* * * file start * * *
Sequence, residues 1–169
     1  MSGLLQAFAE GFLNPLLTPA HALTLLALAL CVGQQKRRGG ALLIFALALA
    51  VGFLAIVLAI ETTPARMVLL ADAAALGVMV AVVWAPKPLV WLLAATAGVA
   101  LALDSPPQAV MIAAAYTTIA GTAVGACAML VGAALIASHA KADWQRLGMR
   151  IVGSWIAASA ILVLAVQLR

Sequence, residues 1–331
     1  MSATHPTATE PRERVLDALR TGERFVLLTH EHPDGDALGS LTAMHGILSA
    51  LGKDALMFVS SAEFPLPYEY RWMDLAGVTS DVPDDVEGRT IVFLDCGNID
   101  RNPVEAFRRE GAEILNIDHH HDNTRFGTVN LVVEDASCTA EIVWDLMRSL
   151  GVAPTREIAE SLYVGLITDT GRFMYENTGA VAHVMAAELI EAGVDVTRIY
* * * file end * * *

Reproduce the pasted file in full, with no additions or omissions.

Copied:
Sequence, residues 1–169
     1  MSGLLQAFAE GFLNPLLTPA HALTLLALAL CVGQQKRRGG ALLIFALALA
    51  VGFLAIVLAI ETTPARMVLL ADAAALGVMV AVVWAPKPLV WLLAATAGVA
   101  LALDSPPQAV MIAAAYTTIA GTAVGACAML VGAALIASHA KADWQRLGMR
   151  IVGSWIAASA ILVLAVQLR

Sequence, residues 1–331
     1  MSATHPTATE PRERVLDALR TGERFVLLTH EHPDGDALGS LTAMHGILSA
    51  LGKDALMFVS SAEFPLPYEY RWMDLAGVTS DVPDDVEGRT IVFLDCGNID
   101  RNPVEAFRRE GAEILNIDHH HDNTRFGTVN LVVEDASCTA EIVWDLMRSL
   151  GVAPTREIAE SLYVGLITDT GRFMYENTGA VAHVMAAELI EAGVDVTRIY